Documents released by the Florida state attorney's office accuse Cabrera of threatening a manager at a restaurant shortly before the slugger's arrest Feb. 16 in Fort Pierce on suspicion of drunken driving.
"There are new things that have come out," Dombrowski said, "but it's the same thing we've been dealing with [since] he came to camp, really. It's no different from the club's perspective."
Cabrera has struggled with drinking-related problems in the past. After reporting to spring training last month following his arrest, he said he would undergo treatment set up by doctors and administered by management and the players' union.
Cabrera worked out Thursday at the team complex in Lakeland and wasn't with the Tigers for their game in Jupiter against the Florida Marlins. That was the plan even before the documents from the state attorney's office became public, the Tigers said.
He's scheduled to play Friday in Jupiter against the St. Louis Cardinals.
"He's focused on the field when it comes to being on the field, and he's dealing with the issues that he needs to deal with," Dombrowski said. "We already have our plan put into place as far as the support cast [for him] is involved. That has already taken place, and those things have taken place since the first day he arrived in camp. That doesn't change based on any news that comes into play, because that program is very strong as it is."
According to the documents released Wednesday, restaurant manager Fletcher D. Nail told police a man entered after the business closed, was told to leave and then said "I will kill you" to Nail. Nail says he told the man to leave, and the man looked around and said: "I know all you, and I will kill all of you and blow this place up."
The man left, and the manager said he did not realize until the next day that it was Cabrera.
A police report by officer Michael Otto Muller said Cabrera was belligerent with officers. Muller's report said at one point, Cabrera walked out into the highway with his hands in the air, shouting "shoot me, kill me" along with an expletive.
Cabrera is being charged with driving under the influence of alcohol and resisting an officer without violence, both misdemeanors.
Gayle Braun, an assistant state attorney for St. Lucie County, said Cabrera has waived arraignment and submitted a written plea of not guilty. His next court date is April 15 for a docket call, although he is allowed to waive his appearance. The Tigers will be in the middle of a series at Oakland that day.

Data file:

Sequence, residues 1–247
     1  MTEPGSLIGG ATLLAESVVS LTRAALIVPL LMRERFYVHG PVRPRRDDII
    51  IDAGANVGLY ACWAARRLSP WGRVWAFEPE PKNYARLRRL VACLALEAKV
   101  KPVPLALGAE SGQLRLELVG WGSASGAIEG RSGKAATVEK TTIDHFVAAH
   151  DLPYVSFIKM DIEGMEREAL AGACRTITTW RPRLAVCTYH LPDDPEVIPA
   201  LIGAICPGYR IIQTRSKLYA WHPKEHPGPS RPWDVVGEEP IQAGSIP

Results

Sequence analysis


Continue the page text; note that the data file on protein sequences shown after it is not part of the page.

Cabrera is coming off perhaps his best season. He hit .328 with 38 home runs last year and finished second in the American League MVP vote.
Dombrowski was asked if he expects similar productivity from Cabrera this year.
"He's a very good player," Dombrowski said. "He has some issues he's dealing with, but they're two separate things. I know he's approaching what he needs to off the field, and I expect him to go out there and be a very good player for us."
Manager Jim Leyland declined to comment, but infield coach Rafael Belliard said the 27-year-old Cabrera still has some growing up to do.
"I hope he does it, because there's a lot of talent there," Belliard said. "Everybody here is behind him. Our job is to help him out."
Any DUI arrest in Florida includes an automatic roadside suspension of driving privileges, and the suspect can request an administrative hearing to have them reinstated. Cabrera's hearing with the Florida Department of Highway Safety and Motor Vehicles was supposed to be Thursday, but a continuance was requested and granted.
A DHSMV spokesman said Cabrera's hearing date is now scheduled for April 6, but Cabrera does not have to be present. The Tigers play at Baltimore that night.
Florida attorney Michael Kessler is representing Cabrera. His office said he has no comment about the case or the new documents.